By Jessica Hanewinckel
Members of Kehillat Ahavat Yisrael, commonly referred to as KAY, know exactly who they are as a congregation. Just don’t expect the Carmel Valley shul to conform to any molds. KAY may be categorized as “Modern Orthodox Zionistic,” but understanding KAY isn’t as simple as reading a label. Rather it requires a look at its past and present, as well as its hopes for the future.
Though the shul now includes members whose families come from around the world, its founding members were largely a South African bunch, and they took a very South African approach to their Judaism.
“In South Africa, the majority of shuls were Orthodox shuls, but only a handful of congregants were real Orthodox in terms of shomer Shabbos,” says Brendan Gaylis, KAY’s president and a native South African who falls into that category himself. “We all drove to shul, but it was a full-on Orthodox shul with a mehitza. We’re used to a full Hebrew service. We like that type of approach.”
It’s that unusual embrace of both tradition and modernity, which is sometimes hard to find in Southern California Judaism, that makes KAY unique among self-described Orthodox shuls in the region. In 2003, the absence of anything like it also made it clear to its founders that the creation of a synagogue like KAY in Carmel Valley, where they lived, was essential.
In the almost decade since its founding, membership numbers have soared to around 80 families and dipped to about 40, and it has witnessed the leadership of three different rabbis — the first two didn’t quite align with the congregation in their Orthodoxy; its third, Rabbi Ryan Newfield, who likes to go by Rav Ryan, conducted his inaugural Shabbat service Sept. 1. Through all of this, KAY has maintained several tenets as part of its identity.
First, its modernity.
“Almost all the people in the community, myself included, have not lived all their lives in a traditional religious home,” says Rav Ryan, who is now shomer Shabbos.
The congregation, which is comprised mostly of middle-aged families, sees the world today as a complement to Judaism, not something that must be divorced from it, says the 30-something rabbi.
“‘Modern’ means you take all the blessings of the modern world and use them in your personal and religious growth,” says Rav Ryan, who explains that he sees God in everything and turns every experience, whether it’s hiking or surfing or working with high tech computer software, into a Jewish one. “There’s no reason why you can’t be using the Internet, cell phones and airplanes. My personal belief is it’s a blessing to this earth that has been bestowed on us. The modern side means embracing everything with both hands and not shying away from what the world has to give.”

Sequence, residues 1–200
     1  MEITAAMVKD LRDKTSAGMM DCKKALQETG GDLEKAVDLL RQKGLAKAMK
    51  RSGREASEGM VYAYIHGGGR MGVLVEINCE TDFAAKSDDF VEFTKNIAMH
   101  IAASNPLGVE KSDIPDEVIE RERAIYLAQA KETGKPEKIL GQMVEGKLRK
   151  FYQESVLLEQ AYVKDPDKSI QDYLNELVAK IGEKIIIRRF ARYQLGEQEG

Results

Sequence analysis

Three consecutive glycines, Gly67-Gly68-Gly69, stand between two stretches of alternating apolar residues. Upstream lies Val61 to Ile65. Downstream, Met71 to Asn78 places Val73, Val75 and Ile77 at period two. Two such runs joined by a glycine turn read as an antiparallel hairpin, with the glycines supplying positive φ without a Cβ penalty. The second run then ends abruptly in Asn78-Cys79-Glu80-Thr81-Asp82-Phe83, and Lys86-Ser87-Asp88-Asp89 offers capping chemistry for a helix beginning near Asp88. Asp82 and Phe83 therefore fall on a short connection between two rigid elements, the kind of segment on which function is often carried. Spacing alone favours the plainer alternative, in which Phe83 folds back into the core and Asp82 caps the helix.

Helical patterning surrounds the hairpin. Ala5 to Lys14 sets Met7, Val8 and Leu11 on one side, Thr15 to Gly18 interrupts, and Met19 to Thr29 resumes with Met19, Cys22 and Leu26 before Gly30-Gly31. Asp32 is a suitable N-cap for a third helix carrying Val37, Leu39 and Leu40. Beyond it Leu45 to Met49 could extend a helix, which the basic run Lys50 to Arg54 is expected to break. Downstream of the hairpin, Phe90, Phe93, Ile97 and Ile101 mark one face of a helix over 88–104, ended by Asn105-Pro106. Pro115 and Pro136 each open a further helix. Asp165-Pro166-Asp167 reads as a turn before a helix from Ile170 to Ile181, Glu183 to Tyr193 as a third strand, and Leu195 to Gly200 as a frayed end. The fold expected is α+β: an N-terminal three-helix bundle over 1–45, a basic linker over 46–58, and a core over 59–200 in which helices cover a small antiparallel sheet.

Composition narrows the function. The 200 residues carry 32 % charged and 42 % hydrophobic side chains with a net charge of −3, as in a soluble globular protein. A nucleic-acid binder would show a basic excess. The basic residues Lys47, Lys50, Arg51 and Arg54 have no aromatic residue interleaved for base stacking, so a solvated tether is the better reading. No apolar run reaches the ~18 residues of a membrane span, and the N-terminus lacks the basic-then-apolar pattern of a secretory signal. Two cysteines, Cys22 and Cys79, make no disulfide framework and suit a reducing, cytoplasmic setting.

The second tenet is the shul’s Orthodoxy. Not a fan of labels, Rav Ryan is quick to explain that many in the Southern California region assume “Orthodoxy” means having peyote and wearing a shtreiml and suit. He sees Orthodoxy, instead, “as authentic, living Judaism.”
“‘Orthodox’ means [the shul is] authentic to the religion, the ancient text, the rabbinic literature and the traditions we have,” he explains. “It’s about taking the modern lifestyle, blending it with our ancient wisdom and trying to create the healthiest, happiest human beings in society that we can. That’s what I call living Judaism.”
KAY’s third tenet that unites its members is its unquestionable Zionism. In fact, its name means “the community for the love of Israel,” and its members make a concerted effort to honor Israel at every opportunity, including at an annual tennis tournament/fundraiser, services and celebrations held on such days as Yom Ha’atzmaut and Yom Yerushalayim and prayers said at services for the Israeli government and the IDF. Not a synagogue in San Diego would deny being pro-Israel at some level, but at KAY, ‘pro-Israel’ isn’t a strong enough word.
“With us, there’s a strong emotional attachment to what is happening in Israel,” Gaylis says.
Though KAY is firmly committed to what amounts to a unique identity, its members welcome Jews of all stripes.
“Not only do I accept people for who they are and what they do, but I believe this is Judaism’s view also,” Rav Ryan says. “It’s also about appreciating them. Everyone’s got a story, and everyone’s got a life. Judaism’s view is that the whole world was created for each individual. How can I not appreciate someone for whatever reason, or because they do x, y, and z different than me? What I do want to do is show that Judaism is about helping you connect to [your life]. Judaism plays a very strong part in allowing us to have the structure to fully appreciate the life we’re in.”
With its 10th year approaching and a new rabbi on board, optimism, positivity and excitement for the future are in the air, and KAY’s members are eager to grow their congregation.
Of the thousands of Jews living in Carmel Valley, the majority are unaffiliated. That leaves a huge population for KAY to reach in terms of growth.
“Judaism is all about living life to the max,” Rav Ryan says. “I want to show them that.”
Kehillat Ahavat Yisrael
San Diego Jewish Academy
11860 Carmel Creek Road
San Diego, CA 92130
Office Mailing Address:
4653 Carmel Mountain Road, Suite 308-513
San Diego, CA 92130